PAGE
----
"Throw it away. She actually hated that word. She wasn't an 'influencer.' She was a businesswoman," said Robinault. "Honestly, I know it's the way she's being spoken about ... that she was an 'influencer,' but I feel like she would have honestly hated that title so much. She wasn't trying to influence anything. She was a smart, savvy, successful businesswoman. That's how I want everyone to remember her."
Robinault's conversation with ABC13 comes as mystery and unanswered questions linger over Sharkey's death investigation.
TIMELINE: What we know happened before Alexis Sharkey's death
Houston police haven't said foul play is suspected in the case. They've remained tight-lipped about the investigation, even directly telling those close to the case not to talk about it publicly. They said any developments in the case will be posted to their Twitter page.
We know police are awaiting autopsy results from the Harris County Medical Examiner's Officer. The ME told ABC13 there is no timeframe on when a manner of death may be ruled.
"It's a lot of different things. I'm still going through the denial. I know she's gone but it hasn't fully set in yet. A lot of anger that someone took her from us so soon. I have this terrible feeling that it was foul play," said Robinault early in the interview. "It hurts me so much. She was such a fun, happy person. Who had so much anger in them that they could do this to her?"
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Robinault grew adamant in her discussion with ABC13. She firmly believes someone killed her sister. She and her family demand justice.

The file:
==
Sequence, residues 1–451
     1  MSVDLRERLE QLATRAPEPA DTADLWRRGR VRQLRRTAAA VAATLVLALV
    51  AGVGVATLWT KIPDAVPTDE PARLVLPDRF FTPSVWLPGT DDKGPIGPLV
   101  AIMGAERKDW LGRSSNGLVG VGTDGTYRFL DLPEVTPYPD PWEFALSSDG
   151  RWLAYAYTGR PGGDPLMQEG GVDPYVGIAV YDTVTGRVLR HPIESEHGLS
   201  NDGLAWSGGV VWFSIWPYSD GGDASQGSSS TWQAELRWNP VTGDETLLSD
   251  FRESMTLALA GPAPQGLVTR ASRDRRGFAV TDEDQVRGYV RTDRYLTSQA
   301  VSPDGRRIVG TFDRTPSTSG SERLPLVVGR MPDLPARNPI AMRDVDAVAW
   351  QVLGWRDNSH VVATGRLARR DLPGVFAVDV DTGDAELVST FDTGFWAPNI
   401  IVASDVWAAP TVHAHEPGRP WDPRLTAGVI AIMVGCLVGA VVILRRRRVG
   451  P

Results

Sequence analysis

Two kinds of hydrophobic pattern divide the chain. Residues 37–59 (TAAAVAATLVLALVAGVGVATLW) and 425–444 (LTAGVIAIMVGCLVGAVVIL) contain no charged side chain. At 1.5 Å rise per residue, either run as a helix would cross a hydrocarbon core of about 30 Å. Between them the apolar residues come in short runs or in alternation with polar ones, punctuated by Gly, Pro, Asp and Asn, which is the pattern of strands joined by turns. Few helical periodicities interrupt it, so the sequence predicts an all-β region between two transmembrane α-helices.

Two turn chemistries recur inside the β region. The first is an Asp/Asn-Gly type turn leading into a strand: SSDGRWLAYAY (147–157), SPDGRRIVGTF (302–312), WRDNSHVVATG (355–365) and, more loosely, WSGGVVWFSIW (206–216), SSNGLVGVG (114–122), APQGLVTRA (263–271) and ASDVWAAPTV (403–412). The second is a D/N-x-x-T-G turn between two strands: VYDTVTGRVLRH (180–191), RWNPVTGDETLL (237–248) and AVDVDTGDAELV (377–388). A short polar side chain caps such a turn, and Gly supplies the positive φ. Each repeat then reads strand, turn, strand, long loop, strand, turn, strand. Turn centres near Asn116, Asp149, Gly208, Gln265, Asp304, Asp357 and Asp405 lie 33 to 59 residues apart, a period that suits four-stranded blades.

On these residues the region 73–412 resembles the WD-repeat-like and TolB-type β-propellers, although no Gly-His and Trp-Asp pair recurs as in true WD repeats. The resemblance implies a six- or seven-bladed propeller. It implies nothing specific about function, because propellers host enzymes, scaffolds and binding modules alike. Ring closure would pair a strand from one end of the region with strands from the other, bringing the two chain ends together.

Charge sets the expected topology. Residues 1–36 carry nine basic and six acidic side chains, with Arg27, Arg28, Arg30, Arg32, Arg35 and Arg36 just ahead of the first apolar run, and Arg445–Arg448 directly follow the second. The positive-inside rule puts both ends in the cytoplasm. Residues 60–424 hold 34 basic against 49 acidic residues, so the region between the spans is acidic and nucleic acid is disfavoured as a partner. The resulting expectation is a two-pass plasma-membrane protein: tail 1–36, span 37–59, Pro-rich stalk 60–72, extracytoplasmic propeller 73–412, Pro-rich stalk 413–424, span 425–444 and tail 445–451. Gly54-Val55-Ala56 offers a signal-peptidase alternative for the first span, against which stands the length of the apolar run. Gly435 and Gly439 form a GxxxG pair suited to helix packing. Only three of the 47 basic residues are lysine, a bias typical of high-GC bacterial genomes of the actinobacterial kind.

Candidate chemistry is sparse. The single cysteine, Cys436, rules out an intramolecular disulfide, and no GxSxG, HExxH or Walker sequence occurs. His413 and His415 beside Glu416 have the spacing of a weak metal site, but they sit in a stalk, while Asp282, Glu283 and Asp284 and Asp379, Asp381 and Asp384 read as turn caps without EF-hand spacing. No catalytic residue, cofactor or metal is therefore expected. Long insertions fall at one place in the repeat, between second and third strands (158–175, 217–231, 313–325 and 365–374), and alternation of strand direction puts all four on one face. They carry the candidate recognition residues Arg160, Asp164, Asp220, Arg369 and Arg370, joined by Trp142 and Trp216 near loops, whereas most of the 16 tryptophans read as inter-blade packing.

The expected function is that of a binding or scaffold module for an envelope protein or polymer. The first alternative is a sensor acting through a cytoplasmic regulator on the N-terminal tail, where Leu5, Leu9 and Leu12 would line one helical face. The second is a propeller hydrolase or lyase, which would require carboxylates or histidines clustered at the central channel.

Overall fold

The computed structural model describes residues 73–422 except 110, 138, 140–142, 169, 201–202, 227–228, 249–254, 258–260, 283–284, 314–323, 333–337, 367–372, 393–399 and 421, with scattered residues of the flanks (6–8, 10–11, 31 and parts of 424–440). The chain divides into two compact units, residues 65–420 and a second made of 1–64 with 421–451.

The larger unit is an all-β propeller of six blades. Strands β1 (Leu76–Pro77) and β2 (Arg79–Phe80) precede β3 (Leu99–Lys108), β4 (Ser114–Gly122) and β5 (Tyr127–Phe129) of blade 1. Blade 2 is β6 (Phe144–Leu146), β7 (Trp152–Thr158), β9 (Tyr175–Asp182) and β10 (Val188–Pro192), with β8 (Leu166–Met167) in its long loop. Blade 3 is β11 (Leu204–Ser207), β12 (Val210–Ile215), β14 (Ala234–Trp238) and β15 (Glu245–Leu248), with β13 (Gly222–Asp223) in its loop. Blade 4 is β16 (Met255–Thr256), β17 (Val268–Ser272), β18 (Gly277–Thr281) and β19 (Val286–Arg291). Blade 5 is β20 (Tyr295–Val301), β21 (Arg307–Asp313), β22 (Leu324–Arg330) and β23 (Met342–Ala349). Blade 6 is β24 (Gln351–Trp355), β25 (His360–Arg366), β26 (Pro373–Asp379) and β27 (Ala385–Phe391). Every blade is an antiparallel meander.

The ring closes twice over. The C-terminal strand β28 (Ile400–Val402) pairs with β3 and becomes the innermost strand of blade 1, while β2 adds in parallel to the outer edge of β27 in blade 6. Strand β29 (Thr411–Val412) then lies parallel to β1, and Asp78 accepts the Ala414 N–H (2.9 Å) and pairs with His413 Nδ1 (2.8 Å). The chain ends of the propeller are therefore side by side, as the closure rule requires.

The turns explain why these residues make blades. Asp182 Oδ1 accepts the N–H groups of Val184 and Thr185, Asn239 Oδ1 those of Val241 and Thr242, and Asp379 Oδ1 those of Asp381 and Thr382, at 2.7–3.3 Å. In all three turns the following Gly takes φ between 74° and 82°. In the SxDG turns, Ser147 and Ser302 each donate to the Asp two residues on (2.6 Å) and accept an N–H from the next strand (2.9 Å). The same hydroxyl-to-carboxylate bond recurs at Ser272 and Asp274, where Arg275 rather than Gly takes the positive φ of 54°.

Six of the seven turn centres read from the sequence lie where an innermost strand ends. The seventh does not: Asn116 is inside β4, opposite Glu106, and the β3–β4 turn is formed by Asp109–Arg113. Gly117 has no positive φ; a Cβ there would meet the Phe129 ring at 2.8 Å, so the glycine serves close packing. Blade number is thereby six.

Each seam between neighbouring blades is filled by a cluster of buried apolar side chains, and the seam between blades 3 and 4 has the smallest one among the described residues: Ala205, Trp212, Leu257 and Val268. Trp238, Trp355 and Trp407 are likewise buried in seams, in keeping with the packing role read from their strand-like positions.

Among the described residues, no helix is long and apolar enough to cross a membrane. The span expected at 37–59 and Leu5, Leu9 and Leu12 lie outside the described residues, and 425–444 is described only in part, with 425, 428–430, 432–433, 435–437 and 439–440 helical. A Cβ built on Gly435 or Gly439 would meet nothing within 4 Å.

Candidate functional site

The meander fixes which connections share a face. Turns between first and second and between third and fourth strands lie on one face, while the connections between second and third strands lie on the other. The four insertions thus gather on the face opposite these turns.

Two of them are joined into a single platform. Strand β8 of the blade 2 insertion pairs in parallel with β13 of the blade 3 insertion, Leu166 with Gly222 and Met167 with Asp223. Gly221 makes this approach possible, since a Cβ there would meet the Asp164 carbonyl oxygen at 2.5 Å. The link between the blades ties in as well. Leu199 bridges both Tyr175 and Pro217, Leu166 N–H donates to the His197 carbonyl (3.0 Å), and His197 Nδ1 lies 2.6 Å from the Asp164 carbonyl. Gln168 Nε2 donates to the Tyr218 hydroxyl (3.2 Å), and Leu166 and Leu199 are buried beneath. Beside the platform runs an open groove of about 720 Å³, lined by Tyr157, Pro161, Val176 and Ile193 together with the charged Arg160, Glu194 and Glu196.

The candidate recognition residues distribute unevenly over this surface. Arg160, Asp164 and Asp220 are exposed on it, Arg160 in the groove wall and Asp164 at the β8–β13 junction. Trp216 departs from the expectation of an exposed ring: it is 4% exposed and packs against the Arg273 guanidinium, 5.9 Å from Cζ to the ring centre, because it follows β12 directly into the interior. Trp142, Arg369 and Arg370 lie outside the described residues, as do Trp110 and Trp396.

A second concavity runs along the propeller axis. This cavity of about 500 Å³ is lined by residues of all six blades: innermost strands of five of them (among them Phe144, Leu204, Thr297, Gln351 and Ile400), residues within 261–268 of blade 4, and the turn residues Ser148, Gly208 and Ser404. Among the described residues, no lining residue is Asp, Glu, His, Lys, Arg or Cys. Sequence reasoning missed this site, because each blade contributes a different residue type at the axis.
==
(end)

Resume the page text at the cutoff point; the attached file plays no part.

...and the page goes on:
"Everybody wants answers. She was found naked, alone, and on the side of the road," said Robinault. "Fighting for justice is fighting for the parts that are unknown to become known. We can't get justice for foul play if we don't know if there was foul play or not. Until we know the cause of death ... all we can say is that we demand justice because there are just too many unknowns."
Robinault described her older sister as incredibly smart.
"She was so fantastic. She had a way of lighting up the room when she smiled and laughed. She had a way of making everyone feel included," said Robinault. "Oh my gosh. Oh my gosh. She was so smart. You could ask her a question about any one little minute thing that you may have a slight interest in. She would dive into doing research if she knew it would make you happy."
She said she visited Alexis and her husband Tom Sharkey out in west Texas earlier this year.
"I went down last spring and I spent a long weekend with them," said Robinault. "They seemed happy."
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